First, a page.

Coding is an essential skill across almost every technological discipline today, and cybersecurity is no exception. Cybersecurity professionals must understand coding concepts in order to correctly interpret the activity of malicious actors on their networks, and they must be able to write code to perform their own work more efficiently and effectively. While not every cybersecurity job explicitly includes coding skills as a job requirement, it's hard to imagine any cybersecurity career that wouldn't benefit from the ability to knock out at least a few lines of code every once in a while.
Cybersecurity pros who want to learn coding for the first time face a somewhat daunting question: Which language should they learn? There are dozens of popular programming languages in use today, and choosing a starting point can be an overwhelming task. There are five that I consider important elements of the modern cybersecurity toolkit:
- Shell scripting.
Let's take a look at each of these important programming languages, examining why you need them and how to learn them.
Why you need it. Python is the modern workhorse of programming languages. As a member of the group of languages known as general-purpose languages, you'll find that you can accomplish almost any software development task in Python, and for this reason, it's incredibly popular. If you're only going to learn one language, this is definitely the place to start. Python code lays beneath the surface of many popular cybersecurity tools, and it's easy to use Python to automate much of your work.
How to learn it. The best way to learn Python is a combination of tutorial and example. I'd recommend starting with a basic Python tutorial, such as those available from LearnPython.org or Codecademy. From there, start looking at some Python code written by others. Perhaps there are some examples in your own working environment, or you might try writing a Python script that works with a common cybersecurity tool, such as Nmap.
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2. Shell scripting
Why you need it. Shell scripting uses many of the same commands that you might already use in terminal sessions on your operating system of choice and enables developers to write automated scripts to accomplish many routine tasks. Need a quick way to provision accounts and authorize appropriate access? Looking for a way to quickly automate the security lockdown of a system configuration? Shell scripting is the place to look. If you're using a Linux or Mac OS, you'll want to learn one of the Linux shell scripting languages, such as Bash. If you're a Windows pro, dive into PowerShell scripting.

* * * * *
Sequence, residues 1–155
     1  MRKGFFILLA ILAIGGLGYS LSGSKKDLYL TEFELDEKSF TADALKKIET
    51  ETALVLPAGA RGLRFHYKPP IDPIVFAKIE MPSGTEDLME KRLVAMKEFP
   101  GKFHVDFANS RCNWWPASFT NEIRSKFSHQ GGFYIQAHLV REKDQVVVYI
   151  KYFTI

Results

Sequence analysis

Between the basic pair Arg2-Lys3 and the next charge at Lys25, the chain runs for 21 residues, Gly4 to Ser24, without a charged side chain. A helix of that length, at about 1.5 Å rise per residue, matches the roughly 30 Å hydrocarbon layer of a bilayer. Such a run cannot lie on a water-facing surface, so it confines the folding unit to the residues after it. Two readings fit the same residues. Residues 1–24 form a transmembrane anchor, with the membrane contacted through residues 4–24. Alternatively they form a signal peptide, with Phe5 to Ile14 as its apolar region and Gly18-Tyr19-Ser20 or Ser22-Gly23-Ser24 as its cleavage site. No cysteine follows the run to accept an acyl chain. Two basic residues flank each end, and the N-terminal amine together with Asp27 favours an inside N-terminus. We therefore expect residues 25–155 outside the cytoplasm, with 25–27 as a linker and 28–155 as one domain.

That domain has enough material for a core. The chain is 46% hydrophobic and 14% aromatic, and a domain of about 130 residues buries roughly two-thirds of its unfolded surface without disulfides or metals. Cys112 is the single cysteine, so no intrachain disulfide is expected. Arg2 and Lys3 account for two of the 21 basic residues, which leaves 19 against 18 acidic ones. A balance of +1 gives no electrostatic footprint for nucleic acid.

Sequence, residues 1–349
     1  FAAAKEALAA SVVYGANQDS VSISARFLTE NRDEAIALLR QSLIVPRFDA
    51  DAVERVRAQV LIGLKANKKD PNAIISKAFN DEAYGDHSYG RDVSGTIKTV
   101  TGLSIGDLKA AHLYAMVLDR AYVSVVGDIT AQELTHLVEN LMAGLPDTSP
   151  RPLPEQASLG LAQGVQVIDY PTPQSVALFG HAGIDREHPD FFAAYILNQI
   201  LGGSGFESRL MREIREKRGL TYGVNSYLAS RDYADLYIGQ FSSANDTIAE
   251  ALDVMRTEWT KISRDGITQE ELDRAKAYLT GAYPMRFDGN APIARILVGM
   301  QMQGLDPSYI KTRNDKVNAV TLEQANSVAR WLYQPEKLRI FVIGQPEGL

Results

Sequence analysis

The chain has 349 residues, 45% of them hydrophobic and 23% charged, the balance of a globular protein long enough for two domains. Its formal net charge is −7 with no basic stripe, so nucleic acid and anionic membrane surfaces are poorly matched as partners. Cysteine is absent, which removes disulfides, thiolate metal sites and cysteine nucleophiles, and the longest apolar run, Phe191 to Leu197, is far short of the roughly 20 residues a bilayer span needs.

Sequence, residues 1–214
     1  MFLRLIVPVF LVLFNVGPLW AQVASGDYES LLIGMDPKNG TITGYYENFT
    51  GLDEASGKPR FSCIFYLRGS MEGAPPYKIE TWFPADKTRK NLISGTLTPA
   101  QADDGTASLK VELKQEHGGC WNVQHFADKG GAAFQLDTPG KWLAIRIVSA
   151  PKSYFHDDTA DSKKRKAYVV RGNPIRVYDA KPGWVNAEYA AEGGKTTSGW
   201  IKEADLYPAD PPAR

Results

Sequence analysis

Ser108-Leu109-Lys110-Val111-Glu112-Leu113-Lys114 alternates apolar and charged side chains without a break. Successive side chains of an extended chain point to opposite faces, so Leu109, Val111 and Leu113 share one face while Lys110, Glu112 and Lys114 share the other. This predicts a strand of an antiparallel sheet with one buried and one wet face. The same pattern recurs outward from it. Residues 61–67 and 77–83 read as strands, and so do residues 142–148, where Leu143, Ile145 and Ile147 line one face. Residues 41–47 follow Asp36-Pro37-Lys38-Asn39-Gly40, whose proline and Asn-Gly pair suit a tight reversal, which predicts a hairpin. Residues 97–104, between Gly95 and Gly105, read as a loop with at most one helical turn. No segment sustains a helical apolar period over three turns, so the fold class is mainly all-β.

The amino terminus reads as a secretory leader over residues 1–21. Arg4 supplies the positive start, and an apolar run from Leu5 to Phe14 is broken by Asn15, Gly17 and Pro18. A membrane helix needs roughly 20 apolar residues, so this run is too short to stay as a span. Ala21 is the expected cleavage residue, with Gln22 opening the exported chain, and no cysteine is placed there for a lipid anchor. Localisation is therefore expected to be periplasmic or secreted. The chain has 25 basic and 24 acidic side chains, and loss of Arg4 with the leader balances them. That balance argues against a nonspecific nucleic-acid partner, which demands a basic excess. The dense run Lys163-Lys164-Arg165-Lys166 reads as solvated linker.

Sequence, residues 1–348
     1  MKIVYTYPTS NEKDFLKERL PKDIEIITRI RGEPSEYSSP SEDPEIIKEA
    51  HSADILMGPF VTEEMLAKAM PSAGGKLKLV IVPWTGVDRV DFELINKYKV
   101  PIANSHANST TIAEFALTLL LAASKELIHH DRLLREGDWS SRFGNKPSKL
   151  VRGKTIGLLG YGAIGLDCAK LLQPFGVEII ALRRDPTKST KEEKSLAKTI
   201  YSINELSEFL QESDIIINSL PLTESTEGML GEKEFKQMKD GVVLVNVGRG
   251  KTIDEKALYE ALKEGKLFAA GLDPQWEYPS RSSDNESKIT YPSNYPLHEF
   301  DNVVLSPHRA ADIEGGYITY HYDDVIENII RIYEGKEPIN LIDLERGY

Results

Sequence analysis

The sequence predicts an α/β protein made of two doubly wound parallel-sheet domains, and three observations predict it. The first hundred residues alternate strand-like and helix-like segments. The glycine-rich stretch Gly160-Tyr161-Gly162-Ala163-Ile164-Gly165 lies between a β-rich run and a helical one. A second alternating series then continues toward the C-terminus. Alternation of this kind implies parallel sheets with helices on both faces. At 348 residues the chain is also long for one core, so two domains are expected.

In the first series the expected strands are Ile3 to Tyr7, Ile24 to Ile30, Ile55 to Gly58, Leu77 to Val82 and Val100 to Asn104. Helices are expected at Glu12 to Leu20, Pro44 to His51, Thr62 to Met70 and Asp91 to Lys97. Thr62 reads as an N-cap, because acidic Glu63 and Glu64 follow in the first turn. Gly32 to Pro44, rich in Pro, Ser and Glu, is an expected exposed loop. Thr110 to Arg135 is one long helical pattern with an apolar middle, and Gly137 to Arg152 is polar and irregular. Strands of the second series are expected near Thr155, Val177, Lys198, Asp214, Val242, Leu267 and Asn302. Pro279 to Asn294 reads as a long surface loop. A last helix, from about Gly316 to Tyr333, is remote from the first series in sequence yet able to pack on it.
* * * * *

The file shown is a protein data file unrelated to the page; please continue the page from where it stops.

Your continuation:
How to learn it. If you're ready to learn shell scripting, the first thing to do is make sure that you're comfortable with the basic command-line tools available for your OS. From there, you can start stringing together some basic scripts by following the examples in common tutorials on Linux shell scripts or PowerShell.
Why you need it. I cheated a little bit here. HyperText Markup Language (HTML) isn't strictly a programming language. Technically speaking, it's a markup language. But it's the language used to create webpages across the internet. HTML is an essential skill for cybersecurity professionals because so many attack types revolve around HTML code. If attackers want to write a SQL injection attack or embed a malicious script in a website, they'll do it using HTML. If you want to be able to analyze those attacks, you'll need to understand HTML.
How to learn it. Fortunately, HTML is a pretty simple language to learn, and you can pick up the basics in a few hours. The reason for this is that, as a markup language, HTML starts with plain text and then uses a series of code elements known as tags to format that text and include other webpage elements, such as images and embedded video. W3Schools offers a free HTML tutorial that will have you up and running in no time. From there, learn by example. Visit pages around the web, and look at the HTML source code. You can examine the work of skilled web developers and learn how they built your favorite sites in HTML.
Why you need it. SQL, or Structured Query Language, is the language of relational databases. Database administrators, developers and end users write queries in SQL to retrieve, insert, update and delete information stored in database tables. Attackers also use this language to steal sensitive information, disrupt data stores and wage a series of web-based attacks. If you want to understand attacker activity and prevent SQL injection and other database-related attacks, you'll need at least a basic understanding of SQL.
How to learn it. Fortunately, it's not too difficult to learn SQL. If you have access to a relational database at work, exploring it is a great way to start. If you don't have access, many web-based tutorials provide you with the ability to get hands-on experience. I recommend the courses available from LinkedIn Learning and DataCamp. (Full disclosure: I am a LinkedIn Learning author.)
If you're still feeling overwhelmed, just pick any one of the five languages above, and get started. You'll soon learn that coding is an incredibly useful skill for any cybersecurity professional, and best of all, it's a lot of fun!
Mike Chapple, Ph.D., CISA, CISSP, is a senior director of IT with the University of Notre Dame.